particularly if the property is the only asset of the borrowing entity.
Accordingly, the lender cannot assume that the borrower's authority that was adequate to
originally close the loan will be sufficient to permit the borrower to later close a deed in lieu.
Lender's counsel should confirm the borrower's authority to transfer title. Such confirmation
requires reviewing applicable constituency documents such as partnership, limited liability
company, or trust agreements, articles of incorporation, articles of organization, and bylaws, and
regulations and related governing state law.
As with any real property purchase, the lender may need to obtain confirmation of
approvals and consents to the title transfer from shareholders, directors, beneficiaries, members,
and partners, including limited partners. The point is to ferret out any lack of consensus at the
ownership level well before the lender expends time and expense undertaking a deed in lieu
Reprinted with permission from Probate & Property
November/December 2011 (American Bar Association)
Copyright © 2011 American Bar Association
Will the Borrower Have Unfavorable Federal Income Tax Consequences?
The lender may not consider the potential for adverse federal income tax consequences to
the borrower to be the lender's problem. But, to the extent there are potential adverse tax
consequences for the borrower, it is better that the borrower be aware of the situation sooner
rather than later. Otherwise the lender risks negotiating a deed in lieu plan that is aborted before
closing when the borrower finally consults with its tax advisor. It is often at that late date that
the borrower first understands the potential adverse tax ramifications the deed in lieu may pose.
The pro-active lender does not wait until the eve of closing to confirm that the borrower has had
an opportunity to consult with tax counsel.
What About Potential Bankruptcy Concerns?
A deed in lieu or other workout always poses the risk that the transaction arranged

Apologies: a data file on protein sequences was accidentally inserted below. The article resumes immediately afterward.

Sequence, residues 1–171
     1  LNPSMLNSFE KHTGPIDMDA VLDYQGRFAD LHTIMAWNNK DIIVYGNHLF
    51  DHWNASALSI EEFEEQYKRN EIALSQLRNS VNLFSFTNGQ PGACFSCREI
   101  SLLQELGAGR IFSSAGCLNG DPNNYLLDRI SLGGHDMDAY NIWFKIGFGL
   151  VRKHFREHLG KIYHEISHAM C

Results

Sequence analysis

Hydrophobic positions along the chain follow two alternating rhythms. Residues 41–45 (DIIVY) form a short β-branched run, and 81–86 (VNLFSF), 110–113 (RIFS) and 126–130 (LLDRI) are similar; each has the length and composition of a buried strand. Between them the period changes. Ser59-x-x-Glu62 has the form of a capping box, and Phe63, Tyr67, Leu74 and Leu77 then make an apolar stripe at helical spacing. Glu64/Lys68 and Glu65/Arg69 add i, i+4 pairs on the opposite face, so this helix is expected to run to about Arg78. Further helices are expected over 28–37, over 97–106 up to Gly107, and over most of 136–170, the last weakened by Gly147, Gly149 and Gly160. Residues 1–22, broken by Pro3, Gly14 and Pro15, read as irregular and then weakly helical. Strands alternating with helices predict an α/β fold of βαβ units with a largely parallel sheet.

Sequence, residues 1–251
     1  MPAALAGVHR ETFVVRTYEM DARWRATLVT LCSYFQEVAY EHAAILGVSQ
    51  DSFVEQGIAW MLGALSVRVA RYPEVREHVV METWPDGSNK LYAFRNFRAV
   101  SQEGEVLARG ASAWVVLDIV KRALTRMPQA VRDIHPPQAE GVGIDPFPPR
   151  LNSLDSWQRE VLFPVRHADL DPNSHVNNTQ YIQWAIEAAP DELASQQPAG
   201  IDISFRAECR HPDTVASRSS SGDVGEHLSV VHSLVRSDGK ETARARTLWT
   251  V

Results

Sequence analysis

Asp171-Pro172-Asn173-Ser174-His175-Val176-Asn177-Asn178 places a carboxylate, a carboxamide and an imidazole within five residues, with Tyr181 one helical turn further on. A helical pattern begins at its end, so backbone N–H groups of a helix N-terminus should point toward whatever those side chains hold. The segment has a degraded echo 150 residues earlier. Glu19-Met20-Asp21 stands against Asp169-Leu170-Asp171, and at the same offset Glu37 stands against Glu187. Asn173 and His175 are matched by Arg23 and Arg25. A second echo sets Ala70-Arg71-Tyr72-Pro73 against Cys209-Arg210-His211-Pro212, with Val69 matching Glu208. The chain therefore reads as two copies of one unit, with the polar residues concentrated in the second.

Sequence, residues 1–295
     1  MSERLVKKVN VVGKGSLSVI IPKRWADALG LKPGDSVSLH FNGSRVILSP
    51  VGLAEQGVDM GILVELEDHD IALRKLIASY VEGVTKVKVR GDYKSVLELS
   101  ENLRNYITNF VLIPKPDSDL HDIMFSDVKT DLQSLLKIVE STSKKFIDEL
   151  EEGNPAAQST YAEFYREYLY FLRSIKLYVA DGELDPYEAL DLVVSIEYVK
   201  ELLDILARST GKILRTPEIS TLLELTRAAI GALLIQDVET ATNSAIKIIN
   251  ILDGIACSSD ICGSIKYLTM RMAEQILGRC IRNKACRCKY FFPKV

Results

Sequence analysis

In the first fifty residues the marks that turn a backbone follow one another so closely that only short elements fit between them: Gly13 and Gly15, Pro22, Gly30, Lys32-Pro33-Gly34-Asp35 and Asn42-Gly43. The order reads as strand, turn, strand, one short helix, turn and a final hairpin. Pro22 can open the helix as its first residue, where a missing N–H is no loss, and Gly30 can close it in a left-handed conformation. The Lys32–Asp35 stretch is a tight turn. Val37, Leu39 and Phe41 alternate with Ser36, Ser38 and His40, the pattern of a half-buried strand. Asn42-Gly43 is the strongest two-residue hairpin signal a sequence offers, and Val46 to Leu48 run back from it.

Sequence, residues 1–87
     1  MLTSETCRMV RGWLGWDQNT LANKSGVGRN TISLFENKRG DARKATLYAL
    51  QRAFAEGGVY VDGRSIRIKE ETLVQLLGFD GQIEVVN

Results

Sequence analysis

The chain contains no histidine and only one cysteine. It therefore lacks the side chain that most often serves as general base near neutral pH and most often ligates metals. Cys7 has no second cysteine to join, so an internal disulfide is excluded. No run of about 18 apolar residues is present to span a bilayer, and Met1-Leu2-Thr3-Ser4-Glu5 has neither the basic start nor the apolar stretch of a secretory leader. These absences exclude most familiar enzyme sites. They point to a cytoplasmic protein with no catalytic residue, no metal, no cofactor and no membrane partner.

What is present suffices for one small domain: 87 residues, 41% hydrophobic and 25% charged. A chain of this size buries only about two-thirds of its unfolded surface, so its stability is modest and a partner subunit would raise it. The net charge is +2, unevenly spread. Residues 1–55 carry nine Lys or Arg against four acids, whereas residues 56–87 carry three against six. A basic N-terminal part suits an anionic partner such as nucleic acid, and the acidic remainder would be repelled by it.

between the borrower and the lender could be avoided as a preferential transfer or a fraudulent
transfer. The risk of that avoidance is minimized when the property is worth less than the debt to
the lender. A deed in lieu may constitute a fraudulent conveyance if it is made for less than
"reasonably equivalent value," such as when the property is worth more than the mortgage debt.
For these reasons, it is important that the lender obtain an independent appraisal to demonstrate
the value of the property before it accepts the deed in lieu. The title company issuing the lender's
title evidence also will request a copy of the appraisal. The lender should require a
confidentiality letter when sharing a copy of its appraisal with the title company.
Questions to Ask When Drafting
Will the Transfer Be Voluntary?
The deed in lieu of foreclosure cannot be forced or coerced. The transfer must be
voluntary on the part of the borrower, and the documentation should recite that it is a voluntary
act undertaken at the request of the borrower. Without this documentation, there is risk that the
transaction will be unwound and that the lender will have liability for damages if it exerted
pressure, duress, or unconscionable advantage in inducing the borrower to grant the deed.
The lender must also bear in mind the age-old doctrine of "clogging the equity of
redemption." This doctrine provides that the borrower has the right to redeem its property on full
payment of its obligations within a specified time. To avoid clogging the borrower's equity of
redemption, the lender should not take a deed to the property unless such deed is voluntarily
given for an adequate consideration after a default under the mortgage. See John C. Murray,
Clogging Revisited, 33 Real Prop. Prob. & Tr. J. 279 (1998), for an excellent discussion of
clogging issues.
Will the Transfer Be Deemed an Equitable Mortgage?
Along this same line, the lender must prevent the construction of the deed as a continuing
security device or equitable mortgage. All evidence should point toward an unequivocal
conveyance. Deeds in escrow have been the source of challenge as equitable mortgages.
See John C. Murray, Mortgage Workouts: Deeds in Escrow, 41 Real Prop. Prob. & Tr. J. 185
Reprinted with permission from Probate & Property
November/December 2011 (American Bar Association)
Copyright © 2011 American Bar Association